• No matter how sure you are that another person is wrong, never try to humiliate or denigrate their belief; build a bridge between you and make it easier to cross
  • Ask more questions. Try to figure out why, at the deepest level, you feel differently from someone else before trying to change their mind; don’t work from assumptions

3. Unification, Not Polarization

Have you ever bullied someone until they became your friend? Or scared someone into loving you? Here’s another: have you ever humiliated someone into respecting you? If not, as I’m guessing is the case, then why should any of us expect to be able to bludgeon someone into agreeing with us through the force of our arguments?

When you try to change someone’s opinion by positioning yourself above them, rather than trying to understand them, then you’ll only ever push them further away from you.

But if you want to change someone’s mind, open their eyes, or win them over, you need to start by getting on their level and trying to understand where they’re coming from. When you do that, you’re just as likely to gain a new perspective or spot gaps in your own understanding. Be ready to embrace that, too. There’s far more self respect in learning than in being the loudest.

If you try to crush your counterpart’s argument into submission and drag them to your side, you will always push them away. But if you try to understand them, and encourage them to do the same for you, most likely you will both end up taking steps toward somewhere new.

How to Fix It

  • Shift your goals: ending up in the same (or at least a closer) place with your counterpart is far more important than yanking them over to your side; where else in life is your goal to end exactly where you started?
  • Realize that sometimes you will reach the point of shared understanding, and still have different opinions. That’s an okay point to reach. Just please, please don’t use the phrase “agree to disagree.” Ew. 

4. Attacking the Issue vs Attacking the Person

There’s a piece of advice I heard a long time ago, and I’ve found it to have a huge positive impact on countless interactions. The advice was this: When you’re having a difficult conversation, always attack the issue. Never attack the other person.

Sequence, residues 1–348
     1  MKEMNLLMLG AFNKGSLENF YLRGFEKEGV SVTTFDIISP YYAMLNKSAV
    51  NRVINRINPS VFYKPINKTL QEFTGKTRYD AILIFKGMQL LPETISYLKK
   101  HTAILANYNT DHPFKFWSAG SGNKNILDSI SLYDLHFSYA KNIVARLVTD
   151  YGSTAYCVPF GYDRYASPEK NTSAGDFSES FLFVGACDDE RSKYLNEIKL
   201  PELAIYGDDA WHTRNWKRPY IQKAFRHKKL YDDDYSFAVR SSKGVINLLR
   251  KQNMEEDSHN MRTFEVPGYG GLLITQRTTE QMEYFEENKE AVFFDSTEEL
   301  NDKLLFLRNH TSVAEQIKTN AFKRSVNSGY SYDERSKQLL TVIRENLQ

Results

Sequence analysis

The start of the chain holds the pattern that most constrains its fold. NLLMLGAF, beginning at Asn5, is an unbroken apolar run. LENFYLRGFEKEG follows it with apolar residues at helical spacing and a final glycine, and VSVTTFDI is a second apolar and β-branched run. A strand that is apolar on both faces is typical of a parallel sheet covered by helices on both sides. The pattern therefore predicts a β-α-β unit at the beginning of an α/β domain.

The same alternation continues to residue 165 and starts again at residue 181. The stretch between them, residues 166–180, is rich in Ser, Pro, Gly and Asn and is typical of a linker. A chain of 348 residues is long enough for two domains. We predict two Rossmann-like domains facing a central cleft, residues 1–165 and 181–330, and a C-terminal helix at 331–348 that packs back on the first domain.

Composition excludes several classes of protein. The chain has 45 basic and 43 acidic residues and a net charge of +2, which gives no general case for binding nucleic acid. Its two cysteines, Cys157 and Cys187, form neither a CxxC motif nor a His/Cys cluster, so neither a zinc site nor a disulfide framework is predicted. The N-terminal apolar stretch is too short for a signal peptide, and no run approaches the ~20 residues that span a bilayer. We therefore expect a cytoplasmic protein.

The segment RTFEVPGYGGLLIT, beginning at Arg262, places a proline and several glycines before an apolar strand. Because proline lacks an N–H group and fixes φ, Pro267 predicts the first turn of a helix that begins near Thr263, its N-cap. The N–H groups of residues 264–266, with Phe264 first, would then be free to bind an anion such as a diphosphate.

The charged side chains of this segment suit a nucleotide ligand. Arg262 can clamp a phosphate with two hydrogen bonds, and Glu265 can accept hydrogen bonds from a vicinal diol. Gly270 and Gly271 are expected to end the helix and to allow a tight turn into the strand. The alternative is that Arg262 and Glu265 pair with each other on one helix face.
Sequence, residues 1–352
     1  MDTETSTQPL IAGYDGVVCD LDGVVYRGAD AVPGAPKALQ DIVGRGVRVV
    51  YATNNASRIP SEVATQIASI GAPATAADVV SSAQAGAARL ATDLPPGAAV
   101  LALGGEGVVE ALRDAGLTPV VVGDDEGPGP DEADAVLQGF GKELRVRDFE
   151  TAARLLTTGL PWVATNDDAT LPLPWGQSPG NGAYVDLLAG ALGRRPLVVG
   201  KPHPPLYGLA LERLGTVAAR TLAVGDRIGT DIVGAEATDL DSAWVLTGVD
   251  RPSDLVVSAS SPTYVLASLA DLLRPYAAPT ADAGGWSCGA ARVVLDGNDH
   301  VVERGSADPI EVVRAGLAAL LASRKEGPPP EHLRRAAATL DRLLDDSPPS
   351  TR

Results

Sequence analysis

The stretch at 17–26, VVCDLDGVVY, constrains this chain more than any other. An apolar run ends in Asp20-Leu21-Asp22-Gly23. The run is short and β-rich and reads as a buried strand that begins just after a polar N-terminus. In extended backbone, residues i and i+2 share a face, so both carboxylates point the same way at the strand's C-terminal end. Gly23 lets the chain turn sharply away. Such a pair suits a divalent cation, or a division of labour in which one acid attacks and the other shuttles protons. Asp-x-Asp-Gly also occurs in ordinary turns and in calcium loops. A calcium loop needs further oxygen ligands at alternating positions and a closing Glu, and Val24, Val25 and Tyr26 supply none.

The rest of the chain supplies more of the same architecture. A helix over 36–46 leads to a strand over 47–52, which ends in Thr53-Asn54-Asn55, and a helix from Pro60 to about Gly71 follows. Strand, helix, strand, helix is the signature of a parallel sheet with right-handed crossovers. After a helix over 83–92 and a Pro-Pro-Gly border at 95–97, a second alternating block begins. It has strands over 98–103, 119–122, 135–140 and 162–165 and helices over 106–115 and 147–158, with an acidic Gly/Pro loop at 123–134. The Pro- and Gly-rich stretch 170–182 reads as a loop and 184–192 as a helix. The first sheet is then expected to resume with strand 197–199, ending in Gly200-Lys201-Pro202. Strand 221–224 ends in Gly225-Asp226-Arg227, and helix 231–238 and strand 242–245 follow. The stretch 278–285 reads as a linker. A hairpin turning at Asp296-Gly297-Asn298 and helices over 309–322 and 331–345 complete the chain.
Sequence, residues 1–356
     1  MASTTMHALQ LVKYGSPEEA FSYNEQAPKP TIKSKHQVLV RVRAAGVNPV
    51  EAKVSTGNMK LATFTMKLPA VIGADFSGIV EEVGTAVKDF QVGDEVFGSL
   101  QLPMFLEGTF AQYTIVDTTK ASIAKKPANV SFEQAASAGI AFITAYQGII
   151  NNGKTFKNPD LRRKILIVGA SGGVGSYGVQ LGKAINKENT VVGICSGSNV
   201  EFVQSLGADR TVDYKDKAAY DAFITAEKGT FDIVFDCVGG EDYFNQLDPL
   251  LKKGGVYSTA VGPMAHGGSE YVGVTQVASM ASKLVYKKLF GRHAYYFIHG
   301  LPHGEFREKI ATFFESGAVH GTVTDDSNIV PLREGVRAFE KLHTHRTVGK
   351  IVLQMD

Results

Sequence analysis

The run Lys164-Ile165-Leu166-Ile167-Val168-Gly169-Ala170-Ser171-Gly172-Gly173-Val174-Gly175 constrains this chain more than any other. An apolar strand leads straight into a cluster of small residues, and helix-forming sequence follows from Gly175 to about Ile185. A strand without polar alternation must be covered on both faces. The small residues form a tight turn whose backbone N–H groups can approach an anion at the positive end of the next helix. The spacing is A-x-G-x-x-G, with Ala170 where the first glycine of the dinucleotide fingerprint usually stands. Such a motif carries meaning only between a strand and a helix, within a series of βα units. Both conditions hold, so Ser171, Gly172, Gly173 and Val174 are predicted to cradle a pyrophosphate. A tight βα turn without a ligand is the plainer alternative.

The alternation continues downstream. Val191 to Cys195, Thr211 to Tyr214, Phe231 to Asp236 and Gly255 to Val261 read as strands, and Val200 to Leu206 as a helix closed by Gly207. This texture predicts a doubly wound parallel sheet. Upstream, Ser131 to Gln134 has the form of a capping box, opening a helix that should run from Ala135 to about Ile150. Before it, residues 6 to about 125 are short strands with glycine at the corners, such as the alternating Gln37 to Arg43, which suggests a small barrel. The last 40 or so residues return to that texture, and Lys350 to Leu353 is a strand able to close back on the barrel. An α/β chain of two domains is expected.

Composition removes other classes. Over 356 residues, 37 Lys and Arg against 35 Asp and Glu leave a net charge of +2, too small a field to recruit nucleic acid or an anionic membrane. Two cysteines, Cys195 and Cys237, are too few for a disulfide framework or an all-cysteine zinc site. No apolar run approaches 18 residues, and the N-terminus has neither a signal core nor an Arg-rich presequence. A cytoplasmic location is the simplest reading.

two men fighting outside building with green trees

Difficult conversations almost always evoke strong emotions. Successfully navigating such a conversation necessitates both parties working to de-escalate the emotional tension and diverting their resources to actually resolving the issue that caused the emotions.

And this ties back to the previous point: polarization. If you want to win someone over, you’ll be charging up a steep hill covered in grease if you think you can do it by attacking them.

How to Fix It

  • Use “I” statements instead of “You” statements – e.g., “I heard this…” is much more effective than “You said this…” at clearing up differences and easing tension
  • Avoid broad statements or generalizations about the other person’s character; these are often inflammatory and usually unhelpful to the issue at hand

5. The Difference Between Knowledge and Intelligence

Being, acting, thinking, and working “smart” can mean a lot of things. When it comes to separating healthy discussions from ugly arguments, there are two specific types of “smarts” that we need to understand. For the sake of clarity, I’m going to refer to them as “knowledge” and “intelligence.”

  • Knowledge: The things that you know. Facts and information that you can bring up in conversation and use to back up your claims. 
  • Intelligence: How you process, examine, and interpret information. You could also call it critical thinking.

Neither of these is the “good one” and neither is bad. In fact, truly helpful conversation will always need both. 

Knowledge is an essential building block of healthy conversation. Without tangible facts, emotional thoughts and opinions will be running the show, and we don’t want that. But leaning too heavily on knowledge to make a point creates a push toward superiority, and thus to polarization. We all must use our intelligence as well, not just to critically process the knowledge on the table, but also to know when offering up more facts and figures isn’t what’s missing from the debate. 

There is rarely a shortage, particularly in the 21st century, of facts and figures to support any opinion in a debate. And calling back to point #2, that’s rarely what’s missing from healthy discussions. What is missing is empathy.